Mushrooms such as lion's mane, reishi, maitake, cordyceps, and turkey tail have been used in traditional medicine for hundreds of years. These mushrooms are packed with antioxidants, polysaccharides, and other exceptional compounds that can improve cognition, improve mood, strengthen the immune system, relieve stress, and fight aging. This functional mushroom contains no psychoactive substances and is safe for consumption, making it an ideal addition to any health program.
There are so many different types of medicinal mushrooms that it can be difficult to navigate. So we've put together this guide to medicinal mushrooms to help you choose the ones that suit you and tell you the best ways to consume them!
- These mushrooms are rich in antioxidants, polysaccharides, and other compounds that can improve cognition, strengthen the immune system, and relieve stress.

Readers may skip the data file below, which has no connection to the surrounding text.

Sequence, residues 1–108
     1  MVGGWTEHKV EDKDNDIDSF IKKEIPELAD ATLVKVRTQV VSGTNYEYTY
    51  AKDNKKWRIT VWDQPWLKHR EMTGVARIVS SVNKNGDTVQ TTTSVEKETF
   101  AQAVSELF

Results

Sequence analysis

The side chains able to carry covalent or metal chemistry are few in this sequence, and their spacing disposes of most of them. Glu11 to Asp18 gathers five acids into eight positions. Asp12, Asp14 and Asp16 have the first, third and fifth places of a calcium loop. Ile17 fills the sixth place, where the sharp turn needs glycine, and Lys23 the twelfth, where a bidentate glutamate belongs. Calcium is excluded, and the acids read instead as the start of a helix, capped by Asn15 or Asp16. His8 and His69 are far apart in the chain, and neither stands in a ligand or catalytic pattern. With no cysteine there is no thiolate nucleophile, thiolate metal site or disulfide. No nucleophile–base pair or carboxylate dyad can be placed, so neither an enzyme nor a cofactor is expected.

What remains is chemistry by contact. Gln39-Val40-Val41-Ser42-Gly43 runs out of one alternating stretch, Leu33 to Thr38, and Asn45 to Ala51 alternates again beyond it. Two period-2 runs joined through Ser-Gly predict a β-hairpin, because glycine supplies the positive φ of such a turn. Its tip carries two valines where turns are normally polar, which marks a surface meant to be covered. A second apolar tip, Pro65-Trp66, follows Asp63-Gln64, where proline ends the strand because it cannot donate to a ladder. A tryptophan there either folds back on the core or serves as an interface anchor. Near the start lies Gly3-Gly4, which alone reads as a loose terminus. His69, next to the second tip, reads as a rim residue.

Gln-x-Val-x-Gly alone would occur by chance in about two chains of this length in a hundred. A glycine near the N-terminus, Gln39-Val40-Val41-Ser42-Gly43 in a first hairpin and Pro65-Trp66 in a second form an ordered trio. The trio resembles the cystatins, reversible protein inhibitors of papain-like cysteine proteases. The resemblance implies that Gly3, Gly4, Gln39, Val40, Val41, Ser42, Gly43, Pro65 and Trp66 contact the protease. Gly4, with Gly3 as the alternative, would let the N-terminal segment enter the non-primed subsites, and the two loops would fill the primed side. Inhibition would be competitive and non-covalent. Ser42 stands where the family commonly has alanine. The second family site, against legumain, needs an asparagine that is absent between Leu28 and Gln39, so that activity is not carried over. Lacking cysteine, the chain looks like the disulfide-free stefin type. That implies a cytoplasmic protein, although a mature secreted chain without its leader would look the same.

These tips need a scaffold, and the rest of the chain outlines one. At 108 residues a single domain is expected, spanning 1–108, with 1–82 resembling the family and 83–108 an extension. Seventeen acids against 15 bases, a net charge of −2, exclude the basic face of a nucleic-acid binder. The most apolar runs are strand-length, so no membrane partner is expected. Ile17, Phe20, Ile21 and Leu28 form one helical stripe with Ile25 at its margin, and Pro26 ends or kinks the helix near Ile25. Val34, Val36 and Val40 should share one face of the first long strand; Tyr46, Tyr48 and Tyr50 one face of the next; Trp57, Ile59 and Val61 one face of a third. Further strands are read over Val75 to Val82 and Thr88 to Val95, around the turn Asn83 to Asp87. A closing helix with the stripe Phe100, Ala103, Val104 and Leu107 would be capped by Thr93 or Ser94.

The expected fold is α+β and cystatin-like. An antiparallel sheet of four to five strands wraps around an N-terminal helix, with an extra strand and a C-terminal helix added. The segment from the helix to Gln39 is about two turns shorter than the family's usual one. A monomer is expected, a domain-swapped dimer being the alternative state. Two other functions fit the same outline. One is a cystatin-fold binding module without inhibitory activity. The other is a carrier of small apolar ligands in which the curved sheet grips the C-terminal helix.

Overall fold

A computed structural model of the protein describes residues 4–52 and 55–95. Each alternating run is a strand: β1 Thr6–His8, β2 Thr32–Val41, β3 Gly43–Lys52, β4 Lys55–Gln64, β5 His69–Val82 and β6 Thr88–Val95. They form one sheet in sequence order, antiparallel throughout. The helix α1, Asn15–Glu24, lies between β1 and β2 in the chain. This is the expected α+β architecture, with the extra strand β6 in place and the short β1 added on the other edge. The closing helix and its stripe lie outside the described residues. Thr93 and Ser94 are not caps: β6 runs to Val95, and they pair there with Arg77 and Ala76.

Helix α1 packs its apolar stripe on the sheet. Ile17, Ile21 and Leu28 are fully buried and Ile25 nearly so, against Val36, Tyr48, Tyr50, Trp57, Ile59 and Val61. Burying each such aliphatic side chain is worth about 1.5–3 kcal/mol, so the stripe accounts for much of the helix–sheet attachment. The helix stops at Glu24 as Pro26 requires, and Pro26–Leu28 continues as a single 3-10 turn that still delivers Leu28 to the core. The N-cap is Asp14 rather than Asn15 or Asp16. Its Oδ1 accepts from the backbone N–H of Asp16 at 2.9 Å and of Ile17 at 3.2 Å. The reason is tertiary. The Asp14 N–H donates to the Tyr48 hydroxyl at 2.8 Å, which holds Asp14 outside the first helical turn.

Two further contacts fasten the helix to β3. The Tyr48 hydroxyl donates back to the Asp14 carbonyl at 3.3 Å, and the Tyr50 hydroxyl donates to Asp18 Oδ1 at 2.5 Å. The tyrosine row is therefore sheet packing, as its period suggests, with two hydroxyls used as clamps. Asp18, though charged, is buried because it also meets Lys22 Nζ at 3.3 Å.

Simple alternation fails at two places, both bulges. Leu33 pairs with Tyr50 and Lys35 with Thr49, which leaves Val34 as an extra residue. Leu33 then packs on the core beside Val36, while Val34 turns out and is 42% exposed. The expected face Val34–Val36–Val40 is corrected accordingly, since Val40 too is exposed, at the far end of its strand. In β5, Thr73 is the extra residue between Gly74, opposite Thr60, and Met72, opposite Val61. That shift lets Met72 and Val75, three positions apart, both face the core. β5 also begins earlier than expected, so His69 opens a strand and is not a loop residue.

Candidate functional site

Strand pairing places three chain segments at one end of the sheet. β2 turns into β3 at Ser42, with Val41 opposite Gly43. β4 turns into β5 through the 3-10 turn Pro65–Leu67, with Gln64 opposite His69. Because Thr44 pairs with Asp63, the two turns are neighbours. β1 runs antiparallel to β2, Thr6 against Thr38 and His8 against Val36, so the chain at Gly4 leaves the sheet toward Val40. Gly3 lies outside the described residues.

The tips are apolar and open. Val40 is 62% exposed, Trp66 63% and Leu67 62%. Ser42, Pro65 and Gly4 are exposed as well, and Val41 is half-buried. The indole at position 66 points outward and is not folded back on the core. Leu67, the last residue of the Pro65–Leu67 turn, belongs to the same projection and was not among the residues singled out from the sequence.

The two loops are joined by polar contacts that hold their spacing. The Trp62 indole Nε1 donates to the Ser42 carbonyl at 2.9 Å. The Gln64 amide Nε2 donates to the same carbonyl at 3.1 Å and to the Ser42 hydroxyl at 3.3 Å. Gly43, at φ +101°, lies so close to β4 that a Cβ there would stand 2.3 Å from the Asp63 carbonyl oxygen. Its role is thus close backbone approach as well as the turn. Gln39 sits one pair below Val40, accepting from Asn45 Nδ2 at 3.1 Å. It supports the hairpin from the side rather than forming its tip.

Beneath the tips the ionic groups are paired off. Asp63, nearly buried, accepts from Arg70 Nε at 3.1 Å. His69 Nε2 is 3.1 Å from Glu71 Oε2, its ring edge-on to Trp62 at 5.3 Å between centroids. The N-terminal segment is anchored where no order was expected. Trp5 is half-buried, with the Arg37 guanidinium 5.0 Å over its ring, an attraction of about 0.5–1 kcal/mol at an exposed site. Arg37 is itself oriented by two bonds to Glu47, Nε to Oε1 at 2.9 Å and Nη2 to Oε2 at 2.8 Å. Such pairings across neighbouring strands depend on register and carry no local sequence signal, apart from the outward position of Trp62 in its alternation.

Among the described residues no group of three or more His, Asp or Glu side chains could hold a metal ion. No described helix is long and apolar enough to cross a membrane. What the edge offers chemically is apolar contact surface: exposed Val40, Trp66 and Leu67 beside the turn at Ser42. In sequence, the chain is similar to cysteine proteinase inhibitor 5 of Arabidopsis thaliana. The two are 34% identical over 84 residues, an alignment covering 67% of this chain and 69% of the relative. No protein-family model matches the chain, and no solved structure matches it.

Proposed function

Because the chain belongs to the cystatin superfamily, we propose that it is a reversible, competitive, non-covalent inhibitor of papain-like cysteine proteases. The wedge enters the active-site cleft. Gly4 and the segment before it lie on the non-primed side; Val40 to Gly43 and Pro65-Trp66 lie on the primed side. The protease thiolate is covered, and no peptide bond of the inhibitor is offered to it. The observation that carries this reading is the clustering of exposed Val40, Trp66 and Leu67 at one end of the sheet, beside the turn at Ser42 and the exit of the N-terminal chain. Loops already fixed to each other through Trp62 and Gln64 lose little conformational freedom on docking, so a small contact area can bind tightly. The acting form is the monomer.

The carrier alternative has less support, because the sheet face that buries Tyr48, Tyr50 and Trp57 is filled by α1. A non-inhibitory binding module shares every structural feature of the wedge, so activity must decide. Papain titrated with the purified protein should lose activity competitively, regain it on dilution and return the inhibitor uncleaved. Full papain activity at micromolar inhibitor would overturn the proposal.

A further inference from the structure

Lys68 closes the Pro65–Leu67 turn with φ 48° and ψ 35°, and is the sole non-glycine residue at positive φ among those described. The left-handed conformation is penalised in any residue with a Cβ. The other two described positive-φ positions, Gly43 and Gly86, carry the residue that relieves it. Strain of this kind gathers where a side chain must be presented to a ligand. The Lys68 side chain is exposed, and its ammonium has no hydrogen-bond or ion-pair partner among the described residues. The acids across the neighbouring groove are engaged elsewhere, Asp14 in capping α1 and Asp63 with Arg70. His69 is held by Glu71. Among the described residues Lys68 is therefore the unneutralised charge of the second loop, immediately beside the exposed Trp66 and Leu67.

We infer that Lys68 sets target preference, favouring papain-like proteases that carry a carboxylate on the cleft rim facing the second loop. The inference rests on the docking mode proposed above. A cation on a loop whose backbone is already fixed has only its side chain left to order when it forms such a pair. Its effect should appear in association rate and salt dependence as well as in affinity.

- They contain specific compounds such as beta-glucan, terpenoids and sterols, which have immunostimulant, anti-inflammatory and antiviral properties.
- Medicinal mushrooms can be consumed in a variety of ways, including as nutritional supplements, herbal teas, or incorporated into the daily diet.
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What are medicinal mushrooms?
Mushrooms as medicines are not a new concept. In fact, medicinal mushrooms have been used by some cultures for centuries and are prized for their ability to revitalize, boost immunity, and promote overall good health.
Mushrooms as medicines are not a new concept.
In fact, medicinal mushrooms have been used by some cultures for centuries and are prized for their ability to revitalize, boost immunity, and promote overall good health.